Multicultural Liturgy in Georgia
From the Catholic News Hub, this Georgia Bulletin story about an annual archdicoesan multicultural Mass. Archbishop Gregory:
“(W)e here gather around the table where we know the giving of peace is to be found and where food we serve here nourishes not only the body but our heart. We gather in knowing there is a Balm in Gilead that will, if we but accept it, heal the sin-sick soul. What a wonderful sight it is to see so many people of this parish and the archdiocese gather in harmony and peace to rejoice in our diversity, and to do so because Christ is one and He belongs equally to all of us.”
Tom Nemchik, lay person:
"(The Mass) allows me to appreciate that we are one body in Christ. You can go to any Mass in any language and still be able to participate. It allows me to offer my Catholicism as a Slovak to others who might be interested.”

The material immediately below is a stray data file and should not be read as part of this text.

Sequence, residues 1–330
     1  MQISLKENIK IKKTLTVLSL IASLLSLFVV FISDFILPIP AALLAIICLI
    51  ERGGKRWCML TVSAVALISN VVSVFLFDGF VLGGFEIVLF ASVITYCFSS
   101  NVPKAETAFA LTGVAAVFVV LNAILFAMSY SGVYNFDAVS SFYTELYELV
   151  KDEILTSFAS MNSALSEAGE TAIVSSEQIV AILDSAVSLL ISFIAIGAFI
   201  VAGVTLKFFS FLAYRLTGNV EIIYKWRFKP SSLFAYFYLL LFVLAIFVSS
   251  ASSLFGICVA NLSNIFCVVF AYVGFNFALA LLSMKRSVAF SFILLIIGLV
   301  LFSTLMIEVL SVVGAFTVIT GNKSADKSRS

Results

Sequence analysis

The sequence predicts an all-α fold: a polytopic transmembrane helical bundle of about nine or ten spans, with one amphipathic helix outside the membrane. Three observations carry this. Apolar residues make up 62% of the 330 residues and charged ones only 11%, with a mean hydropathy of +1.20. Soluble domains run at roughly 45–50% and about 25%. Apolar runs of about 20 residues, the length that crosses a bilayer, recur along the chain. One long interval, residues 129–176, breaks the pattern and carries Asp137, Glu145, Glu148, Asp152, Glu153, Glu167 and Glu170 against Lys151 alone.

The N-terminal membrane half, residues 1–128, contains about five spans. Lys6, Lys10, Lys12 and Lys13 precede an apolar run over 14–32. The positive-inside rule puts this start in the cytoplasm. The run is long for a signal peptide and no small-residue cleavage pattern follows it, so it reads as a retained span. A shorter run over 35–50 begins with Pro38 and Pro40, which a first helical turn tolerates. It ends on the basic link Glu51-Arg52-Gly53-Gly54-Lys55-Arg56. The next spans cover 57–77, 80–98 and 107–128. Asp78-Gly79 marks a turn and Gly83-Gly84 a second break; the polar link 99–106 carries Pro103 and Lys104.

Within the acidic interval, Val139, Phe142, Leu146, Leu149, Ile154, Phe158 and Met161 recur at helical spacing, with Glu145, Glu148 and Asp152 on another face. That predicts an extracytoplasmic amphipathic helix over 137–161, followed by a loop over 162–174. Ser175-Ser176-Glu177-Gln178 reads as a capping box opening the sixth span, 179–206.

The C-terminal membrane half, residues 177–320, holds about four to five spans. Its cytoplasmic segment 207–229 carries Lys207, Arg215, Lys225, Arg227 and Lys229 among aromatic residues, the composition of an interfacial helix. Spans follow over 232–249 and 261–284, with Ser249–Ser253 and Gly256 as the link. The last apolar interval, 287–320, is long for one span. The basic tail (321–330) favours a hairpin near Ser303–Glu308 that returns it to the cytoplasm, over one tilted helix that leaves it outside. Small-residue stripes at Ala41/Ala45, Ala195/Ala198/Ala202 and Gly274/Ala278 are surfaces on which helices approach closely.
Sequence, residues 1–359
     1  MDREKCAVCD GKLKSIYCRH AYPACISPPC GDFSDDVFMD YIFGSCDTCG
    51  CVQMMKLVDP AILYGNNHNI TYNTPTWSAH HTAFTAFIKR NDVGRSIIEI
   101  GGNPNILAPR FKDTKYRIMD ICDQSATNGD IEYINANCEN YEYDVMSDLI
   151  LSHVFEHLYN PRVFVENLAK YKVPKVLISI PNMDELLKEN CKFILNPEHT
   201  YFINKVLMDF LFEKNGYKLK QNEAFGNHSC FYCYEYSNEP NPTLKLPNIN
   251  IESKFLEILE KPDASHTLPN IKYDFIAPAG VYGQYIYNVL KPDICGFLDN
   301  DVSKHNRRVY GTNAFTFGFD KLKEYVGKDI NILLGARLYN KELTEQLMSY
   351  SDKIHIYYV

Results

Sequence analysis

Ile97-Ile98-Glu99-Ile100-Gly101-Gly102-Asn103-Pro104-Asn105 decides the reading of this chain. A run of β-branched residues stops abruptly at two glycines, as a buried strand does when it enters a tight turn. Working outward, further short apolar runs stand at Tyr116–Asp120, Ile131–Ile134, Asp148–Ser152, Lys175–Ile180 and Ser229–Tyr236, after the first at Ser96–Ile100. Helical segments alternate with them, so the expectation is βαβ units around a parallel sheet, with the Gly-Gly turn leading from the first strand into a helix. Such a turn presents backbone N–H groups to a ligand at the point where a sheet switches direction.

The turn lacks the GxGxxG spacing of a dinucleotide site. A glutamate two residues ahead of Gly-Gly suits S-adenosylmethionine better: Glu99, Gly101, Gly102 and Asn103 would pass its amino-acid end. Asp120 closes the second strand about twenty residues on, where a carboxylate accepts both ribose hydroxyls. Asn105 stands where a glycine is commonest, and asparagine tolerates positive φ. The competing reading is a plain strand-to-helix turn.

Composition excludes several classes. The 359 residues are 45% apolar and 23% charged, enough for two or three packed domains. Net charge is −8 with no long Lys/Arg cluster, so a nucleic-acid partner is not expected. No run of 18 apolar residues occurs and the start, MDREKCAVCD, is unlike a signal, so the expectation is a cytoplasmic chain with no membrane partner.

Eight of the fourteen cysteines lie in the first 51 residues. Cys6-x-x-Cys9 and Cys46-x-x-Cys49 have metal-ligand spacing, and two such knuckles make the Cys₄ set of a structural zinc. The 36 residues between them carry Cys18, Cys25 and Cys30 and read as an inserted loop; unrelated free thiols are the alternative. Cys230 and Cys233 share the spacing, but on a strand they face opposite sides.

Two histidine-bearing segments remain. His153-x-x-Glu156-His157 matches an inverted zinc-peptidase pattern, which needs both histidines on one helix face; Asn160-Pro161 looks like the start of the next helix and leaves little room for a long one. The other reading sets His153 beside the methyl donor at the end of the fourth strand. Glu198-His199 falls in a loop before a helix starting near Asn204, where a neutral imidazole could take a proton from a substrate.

Hmmm ... any language. Good thinking.
Flying Rings Around a Planet
A good amount of ring posts on this week's Cassini site, including this image showing those ghostly "spokes" aligned ad siderum. Voyager 1 first spotted the spokes on its 1980 flyby of Saturn. Scientists were completely clueless, as the spokes appeared to violate the laws of physics. Today we suspect they are some interaction between Saturn's magnetic field and superfine particles in the rings. The particles are elevated above the plane of the rings and align with magnetic field lines created by the planet.

Thursday, November 02, 2006